01.25.11

Dept. of Make Stuff Up

Posted in Crazy Weapons at 10:35 am by George Smith

It’s not uncommon to see stories on the US military filled with material that appears to not even have the slightest connection with reality.

So yesterday, when I was passed a journo query as part of the repping I do for GlobalSecurity.Org, it was quickly realized we’d run into one of those instances.

This concerns the Navy’s Next Generation Jammer.

The make-stuff-up part can be illustrated by simply republishing the lede grafs from a recent Aviation Week piece by David Fulghum:

A top U.S. Navy official acknowledges that the service’s Next Generation Jammer (NGJ) — designed for the F/A-18E/F Super Hornet, EA-18G Growler and F-35 — will feature a network invasion capability.

Such a capability was demonstrated a few years ago by the U.S. Air Force, which created a focused datastream with its EC-130 Compass Call aircraft that could be filled with invasive algorithms and fired into the antenna of an integrated air defense system and its wirelessly connected missile launching vehicles. The effects on the enemy network were monitored by an RC-135 Rivet Joint. This network invasion effort was known as “Suter.”

The consensus view, as the mail went back and forth between Globalsec and your host was that the alleged capability, also reported briefly by others, was bullshit.

The Aviation Week story is four whole paragraphs.

Historically, the claims of the US using, or wishing to use, jammers on aircraft to do “network invasion” go back to close to the first Gulf War. Over the years they’ve also been closely associated with stories about electromagnetic pulsing and those wonderful EMP guns and bombs that never seem to arrive, except in computer games.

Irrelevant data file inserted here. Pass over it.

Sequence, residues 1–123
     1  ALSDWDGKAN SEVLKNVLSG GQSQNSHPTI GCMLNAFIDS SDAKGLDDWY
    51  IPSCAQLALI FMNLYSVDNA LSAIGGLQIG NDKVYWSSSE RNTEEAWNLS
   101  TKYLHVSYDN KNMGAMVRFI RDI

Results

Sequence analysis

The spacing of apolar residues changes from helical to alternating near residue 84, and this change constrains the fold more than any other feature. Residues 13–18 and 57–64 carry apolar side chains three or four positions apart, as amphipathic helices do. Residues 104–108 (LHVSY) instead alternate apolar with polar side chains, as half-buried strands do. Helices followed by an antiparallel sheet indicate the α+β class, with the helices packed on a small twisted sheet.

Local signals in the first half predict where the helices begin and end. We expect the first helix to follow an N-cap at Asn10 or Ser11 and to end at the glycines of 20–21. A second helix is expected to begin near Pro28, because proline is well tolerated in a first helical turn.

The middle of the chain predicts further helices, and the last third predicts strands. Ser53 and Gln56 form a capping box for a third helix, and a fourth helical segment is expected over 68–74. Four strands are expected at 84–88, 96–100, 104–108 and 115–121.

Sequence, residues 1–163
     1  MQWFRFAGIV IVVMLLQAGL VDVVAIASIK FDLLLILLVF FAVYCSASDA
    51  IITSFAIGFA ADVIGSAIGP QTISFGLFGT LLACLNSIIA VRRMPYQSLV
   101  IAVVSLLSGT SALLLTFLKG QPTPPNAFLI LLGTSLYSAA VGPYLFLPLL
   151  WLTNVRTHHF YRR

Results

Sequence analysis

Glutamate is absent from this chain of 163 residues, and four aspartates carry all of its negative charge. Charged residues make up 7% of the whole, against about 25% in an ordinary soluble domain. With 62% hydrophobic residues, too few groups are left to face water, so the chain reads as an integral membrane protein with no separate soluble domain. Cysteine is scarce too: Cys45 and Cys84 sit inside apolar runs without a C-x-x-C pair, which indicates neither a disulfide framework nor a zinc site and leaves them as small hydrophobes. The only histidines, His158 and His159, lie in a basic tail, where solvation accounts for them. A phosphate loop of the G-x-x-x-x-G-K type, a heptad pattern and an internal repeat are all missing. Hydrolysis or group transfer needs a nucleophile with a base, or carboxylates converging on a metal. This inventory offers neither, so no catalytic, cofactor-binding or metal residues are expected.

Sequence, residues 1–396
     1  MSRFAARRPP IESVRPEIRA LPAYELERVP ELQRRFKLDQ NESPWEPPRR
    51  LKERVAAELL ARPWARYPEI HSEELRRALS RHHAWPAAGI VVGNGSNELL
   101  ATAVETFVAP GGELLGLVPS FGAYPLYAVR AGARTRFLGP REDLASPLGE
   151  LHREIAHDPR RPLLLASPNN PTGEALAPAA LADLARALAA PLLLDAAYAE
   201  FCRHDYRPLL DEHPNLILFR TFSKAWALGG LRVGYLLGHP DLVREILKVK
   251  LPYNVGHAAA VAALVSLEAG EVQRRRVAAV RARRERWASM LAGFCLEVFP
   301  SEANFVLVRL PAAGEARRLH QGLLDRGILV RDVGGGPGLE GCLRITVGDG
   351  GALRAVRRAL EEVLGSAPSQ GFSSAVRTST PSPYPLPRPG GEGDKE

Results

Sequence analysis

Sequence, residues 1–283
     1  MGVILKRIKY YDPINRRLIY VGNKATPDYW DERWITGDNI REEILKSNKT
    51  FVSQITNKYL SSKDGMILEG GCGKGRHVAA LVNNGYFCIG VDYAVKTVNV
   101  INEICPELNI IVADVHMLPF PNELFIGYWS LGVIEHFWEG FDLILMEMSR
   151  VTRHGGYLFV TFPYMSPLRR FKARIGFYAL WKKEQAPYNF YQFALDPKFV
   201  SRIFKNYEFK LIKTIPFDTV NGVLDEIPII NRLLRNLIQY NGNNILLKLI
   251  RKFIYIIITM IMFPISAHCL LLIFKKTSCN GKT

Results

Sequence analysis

There’s never been a shortage of print on the subject.

At the time I edited the Crypt Newsletter and had developed a little joke glossary called the Joseph K Guide to deal with such things, usually centered on claims made by the military, or technology vendors and politicians on the primacy of soon-to-be-here awesome devices.

The old guide, coincidentally brought up by a reader last week, is here.

This old coinage jumped out:

The Daily Crapper: your local newspaper.

Usage: The Daily Crapper featured science and technology reporters who often turned in stories that claimed soon computers would be made of DNA and protein or that by the year 2006 the U.S. Army would defeat enemies through the clever use of telepathy and electric rays.

Another factor that’s worth consideration in such stories has to do with extraordinary claims. In real science, one needs extraordinary evidence to back such claims up. Not just, say, a couple paragraphs or a ten page .pdf file that uses argument from authority.

And this also ties in with Langmuir’s Laws of Pathological Science. Or bad cutting edge science — often practiced by the US military and its many vendors.

The basic tenets of this type of badness are here.

To which one might add the obvious addendum: In the US press, the rightness of a thing is determined by the number of others willing to adopt the same view. Particularly if accompanied by idiotic jargon like, for instance, ‘invasive algorithms.’

And so it’s all rather common for obvious professional reasons.

When reality is too dull, when you’re in hot competition with others who will print anything, or when cable television is full of miraculous shows on dubious cutting edge technology, the strong need to get going.

So go with the made-up stuff.

And if you’re an admiral or a vendor in hot competition for budget dollars, you need to be strong in this area, too.

You know in your heart that it just makes sense.


The Joseph K Guide shows it age — the mid-Nineties. But it’s still worth a couple titters.

To wit:

fictive environment: a new description for psychological operations against an enemy; or, the creation of a world of information fraud surrounding consumers, marks or targets.

Usage: In the mid-Nineties, the business of a significant number of Americans armed with computers became the spinning of fictive environments, the aim of which was to defraud others of cash money.

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